Depreciation recapture - Posted by Hope (Fl)

Posted by JHyre in Ohio on April 16, 2002 at 06:49:24:

If you are in the 40% bracket and have the depreciation benefit recaptured at 25%, you really make out in both absolute and net present value terms.

John Hyre

Depreciation recapture - Posted by Hope (Fl)

Posted by Hope (Fl) on April 13, 2002 at 08:00:00:

I am working on my taxes and have a question about the sale of a rental home that we owned for 12 yrs. What form do I use for recapture of depreciation? Also, since I am taxed at the lower rate, do I only pay 15% tax on the recapture?

recapture rate = 25% (NT) - Posted by David Krulac

Posted by David Krulac on April 14, 2002 at 17:48:53:


Re: Depreciation recapture - Posted by Dave T

Posted by Dave T on April 14, 2002 at 14:19:52:

First you have to divide your sale proceeds between the land and the improvement(s). The portion of the profit that is attributed to the land is subject to capital gains at either a 10% rate (if you are in the 15% bracket), or a 20% rate (if you are in a higher tax bracket).

Your profit on the improvement(s) is taxed at the same capital gains tax rate as your land. The depreciation taken (or should have taken) is subject to recapture at 25% tax rate.

By way of illustration, let’s use the following as a general example. You purchase a SFR for $75K and place it in service as a rental. You allocate $25K of your purchase price to the land, and the $50K balance of your purchase price is allocated to the building structure. Since land can not be depreciated, your initial depreciation basis is $50K. After several years of rental use, you sell the property for a net of $120K.

Since the land value was initially one-third of the total purchase price, allocate one-third of the net sale price to the land – $40K. This leaves $80K of your net sale proceeds for the structure.

Now here is where you stand. You have a $15K profit on the sale of the land, and a gross $30K profit on the sale of the structure. During your rental holding period, you used to straight line method to take a depreciation expense of $12000. Your cost basis in the structure is reduced by the depreciation taken, resulting in an adjusted basis in the structure of $38K, and consequently your taxable profit on the sale of the structure is now $42K (80K mines 38K). Of your $42K profit, $30K is due to appreciation and $12K is due to depreciation.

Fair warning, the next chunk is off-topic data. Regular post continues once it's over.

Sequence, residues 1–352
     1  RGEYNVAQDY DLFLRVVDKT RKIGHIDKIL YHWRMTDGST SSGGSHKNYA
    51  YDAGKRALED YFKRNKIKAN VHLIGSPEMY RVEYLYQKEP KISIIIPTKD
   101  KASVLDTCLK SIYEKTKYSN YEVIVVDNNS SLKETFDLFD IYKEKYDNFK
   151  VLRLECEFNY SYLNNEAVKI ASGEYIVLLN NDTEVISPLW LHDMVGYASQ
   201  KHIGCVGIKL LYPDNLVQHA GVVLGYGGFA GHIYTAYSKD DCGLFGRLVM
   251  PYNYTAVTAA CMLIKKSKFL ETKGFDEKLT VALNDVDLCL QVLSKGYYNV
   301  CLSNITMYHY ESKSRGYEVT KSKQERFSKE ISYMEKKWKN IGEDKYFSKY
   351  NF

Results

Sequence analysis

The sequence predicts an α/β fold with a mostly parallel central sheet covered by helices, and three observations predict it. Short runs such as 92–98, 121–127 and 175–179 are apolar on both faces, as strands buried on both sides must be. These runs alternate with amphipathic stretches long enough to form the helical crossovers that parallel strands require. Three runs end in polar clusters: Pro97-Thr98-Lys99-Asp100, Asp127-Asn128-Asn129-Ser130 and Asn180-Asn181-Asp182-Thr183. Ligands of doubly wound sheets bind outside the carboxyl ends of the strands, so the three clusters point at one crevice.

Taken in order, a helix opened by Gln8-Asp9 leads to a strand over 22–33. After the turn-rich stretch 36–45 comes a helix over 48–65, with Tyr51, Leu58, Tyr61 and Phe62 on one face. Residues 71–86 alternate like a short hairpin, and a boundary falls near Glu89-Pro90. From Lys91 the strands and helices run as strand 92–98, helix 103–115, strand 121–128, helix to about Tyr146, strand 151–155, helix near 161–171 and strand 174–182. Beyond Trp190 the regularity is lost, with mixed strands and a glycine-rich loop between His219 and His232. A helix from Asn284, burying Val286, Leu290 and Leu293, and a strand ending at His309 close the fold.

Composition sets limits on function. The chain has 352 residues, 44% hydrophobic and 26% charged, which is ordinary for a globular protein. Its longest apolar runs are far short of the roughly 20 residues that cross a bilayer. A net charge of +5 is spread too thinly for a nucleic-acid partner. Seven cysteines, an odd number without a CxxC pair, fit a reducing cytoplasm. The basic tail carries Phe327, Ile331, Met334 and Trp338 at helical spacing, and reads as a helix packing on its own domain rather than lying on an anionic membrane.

Your gross profit of $45K (15K plus 30K) is taxed at either 10% or 20% capital gains rate. The $12K profit due to depreciation is subject to a recapture rate of 25%.

This is the general method for computing your tax liability for depreciable real property. The calculations are done on Form 4797 – land in Part I and structure in Part III.

Since the calculations can get cumbersome, I suggest you consult a professional tax preparer for assistance.

Re: Depreciation recapture - Posted by David H

Posted by David H on April 14, 2002 at 13:41:47:

Off the top of my head… isn’t this IRS form 4797 sale of business property?

Re: Depreciation recapture - Posted by GL(ON)

Posted by GL(ON) on April 13, 2002 at 16:43:50:

You must deduct the depreciation you took from the cost of the property.


Sold house for $200,000

Bought for 150,000

Capital gain 50,000

Now suppose over the years you took $30,000 depreciation.

Sold house for $200,000

Bought for $150,000 less $30,000 depreciation = $120,000

$200,000 - 120,000 = $80,000 capital gain.

Thanks for your help - Posted by Hope (Fl)

Posted by Hope (Fl) on April 14, 2002 at 18:43:52:

I spent some more time on this today, and just want to thanks for your help. I would like to clarify though, that capital gains tax is now at 8% for property held 5 yrs (ours is) and depreciation recapture is at 15% for people in this bracket.

Re: Thanks for your help - Posted by Dave T

Posted by Dave T on April 14, 2002 at 22:45:22:

Please recheck your source. The Taxpayer’s Relief Act of 1997 kept the depreciation recapture rate at 25%, even under the five year rule.

If you have a source that says differently, please post it here.

Re: Thanks for your help - Posted by Dave T

Posted by Dave T on April 14, 2002 at 22:36:08:

As I understand the new 5-year rule, the 8% (18% if your tax bracket is higher than 15%) capital gains tax rate only applies to property purchased on or after January 1, 2001 and then held at least five years prior to sale. This means that you will not be able to take advantage of the 8% capital gain rate before January 1, 2006.

8% capital gain rate - Posted by Hope (Fl)

Posted by Hope (Fl) on April 15, 2002 at 11:58:25:

The new 8% rate is effective as of January 2001 for people in the 15% tax bracket. Taxpayers who are in the higher bracket will have to wait 5 years before their tax is lowered from 20 to 18%. I found this info in the IRS Tax pamphlet 1040 on Page D-1 under general instructions.(Changes to note) I have also seen this on many of the other tax sites, such as Tax Planet. The depreciation recapture info I will also post when I find it. I am pretty sure I have read it on at least 3 different tax sites, and when you think about it, it does make sense. The benefit of the depreciation for me has been at 15%, it would be a penalty if I had to turn around and now pay 25% on this. The IRS does not penalize you into paying a higher tax than you would have otherwise paid. At least this is my understanding.